This topic refers to information collected about respondents' hospital visits, including admissions, casualty/emergency, outpatients, and day clinics for the respondent's own health.
Information was obtained for all persons in the National Aboriginal and Torres Strait Islander Health Survey (NATSIHS).
For the purposes of this survey, a hospital was defined as an institution which offers residential health care, other than a nursing or convalescent home. Only visits related to the respondent's own health were included; visits such as taking another sick or injured person to emergency are excluded. Visits to dental hospitals, which are sometimes attached to a hospital as part of the outpatients section are also excluded from this topic; these cases were recorded under dental consultations (see Dental consultations for more information).
In order for an admission to hospital to be counted, the stay in hospital must have commenced with formal admission and ended in formal discharge, with discharge taking place in the 12 months prior to interview. However, in some cases persons who had not been discharged may be included; this may occur when persons who were technically still admitted patients were enumerated when home on day release or as hospital-at-home patients. Length of stay in these cases would be recorded as the period from admission to date of interview.
Day clinics, which are often attached to or operate as part of a hospital, offer minor surgery or diagnosis procedures such as scans, ultrasounds, endoscopies, cardiac tests, etc. They do not offer residential health care in the same way as hospitals but in some cases a visit may result in an overnight stay. Included in the survey are all reported visits to day clinics, except those visits solely for the purpose of an X-ray.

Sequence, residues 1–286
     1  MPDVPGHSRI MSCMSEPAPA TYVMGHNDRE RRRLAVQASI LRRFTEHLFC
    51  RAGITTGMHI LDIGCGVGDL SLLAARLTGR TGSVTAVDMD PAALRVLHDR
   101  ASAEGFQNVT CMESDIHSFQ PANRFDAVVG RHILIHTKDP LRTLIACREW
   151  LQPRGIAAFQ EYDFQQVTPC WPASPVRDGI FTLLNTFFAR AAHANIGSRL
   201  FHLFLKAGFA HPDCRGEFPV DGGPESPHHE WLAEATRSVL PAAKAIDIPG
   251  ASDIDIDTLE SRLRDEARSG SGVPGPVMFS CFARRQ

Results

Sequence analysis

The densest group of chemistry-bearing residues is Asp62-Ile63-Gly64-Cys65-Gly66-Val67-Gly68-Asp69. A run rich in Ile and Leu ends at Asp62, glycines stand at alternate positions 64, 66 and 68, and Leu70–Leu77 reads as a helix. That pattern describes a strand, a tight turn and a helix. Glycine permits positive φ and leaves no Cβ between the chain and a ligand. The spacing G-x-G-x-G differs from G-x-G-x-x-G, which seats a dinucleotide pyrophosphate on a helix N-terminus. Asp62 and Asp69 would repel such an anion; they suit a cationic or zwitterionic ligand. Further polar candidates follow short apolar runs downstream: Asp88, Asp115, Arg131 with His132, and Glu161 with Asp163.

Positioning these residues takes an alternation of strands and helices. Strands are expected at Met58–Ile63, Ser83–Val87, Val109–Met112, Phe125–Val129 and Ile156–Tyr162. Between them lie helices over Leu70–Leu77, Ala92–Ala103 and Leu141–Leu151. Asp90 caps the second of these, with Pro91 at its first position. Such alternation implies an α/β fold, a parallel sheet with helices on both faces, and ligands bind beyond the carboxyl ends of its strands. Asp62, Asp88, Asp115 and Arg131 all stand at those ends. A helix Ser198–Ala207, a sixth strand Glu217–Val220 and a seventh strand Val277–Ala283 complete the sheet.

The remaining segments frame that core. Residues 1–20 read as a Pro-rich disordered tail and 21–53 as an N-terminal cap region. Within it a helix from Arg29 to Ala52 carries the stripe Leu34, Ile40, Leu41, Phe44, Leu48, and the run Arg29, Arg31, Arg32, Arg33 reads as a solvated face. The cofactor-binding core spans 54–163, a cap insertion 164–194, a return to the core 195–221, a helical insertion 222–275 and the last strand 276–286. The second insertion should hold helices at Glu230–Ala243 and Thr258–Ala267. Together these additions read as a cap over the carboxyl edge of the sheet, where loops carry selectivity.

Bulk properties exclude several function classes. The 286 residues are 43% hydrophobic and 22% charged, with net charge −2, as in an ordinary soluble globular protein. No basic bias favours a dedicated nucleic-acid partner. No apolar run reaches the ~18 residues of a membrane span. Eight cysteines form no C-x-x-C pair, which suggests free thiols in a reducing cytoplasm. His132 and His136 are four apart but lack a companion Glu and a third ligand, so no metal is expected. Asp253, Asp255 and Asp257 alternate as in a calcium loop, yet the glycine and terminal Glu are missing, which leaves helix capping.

Information collected on hospital visits varied between the non-remote and remote areas. Each received a different set of questions for which conceptually consistent responses were categorised together for output purposes. The medical reasons for hospitalisation were not recorded.
Non-remote respondents were asked whether they had been to the outpatients section of a hospital for their own health in the last 2 weeks, and if so, how many times. Further details were obtained about whether this visit was related to a previous admission to hospital, and if not, whether the visit related to an expected admission to hospital.
Non-remote respondents were asked whether they had been to a casualty or emergency ward for their own health in the last 2 weeks, excluding times resulting in the respondent being admitted to hospital. If yes, respondents were asked how many times they had been to a casualty or emergency ward.
Non-remote respondents were asked whether they had been to a day clinic for minor surgery or diagnostic tests, other than x-rays, for their own health in the last 2 weeks, excluding visits to outpatients and casualty or emergency. If yes, respondents were asked how many times they had been to a day clinic.
Non-remote respondents were asked whether they had been admitted to hospital in the 12 months prior to interview, excluding visits to outpatients, casualty/emergency ward or day clinics, and the number of times admitted in that 12 month period. Further details were obtained about the respondent's most recent admission to hospital in the last 12 months, including whether this was an overnight stay, length of stay (number of nights in hospital), whether they had been discharged in the two weeks prior to interview, whether they had been admitted as a Medicare or Private patient, and whether they had stayed in a public or private hospital. If they chose not to be admitted as a Medicare patient, the respondent was asked the reason for doing so. These questions were asked after questions about recent visits to casualty and outpatients units, and questions about recent visits to day clinics, to minimise the risk of respondents reporting these visits as hospital admissions.
Remote respondents were asked whether they had stayed overnight in a hospital in the 12 months prior to interview, and how many times they had been to hospital and stayed overnight in that 12 month period. Further details were obtained about the respondent's most recent overnight stay in the last 12 months, including number of nights in hospital and whether they had been discharged in the two weeks prior to interview. These questions were asked prior to questions about recent visits to casualty and outpatients units so that hospital admissions could be defined clearly as an overnight stay at hospital.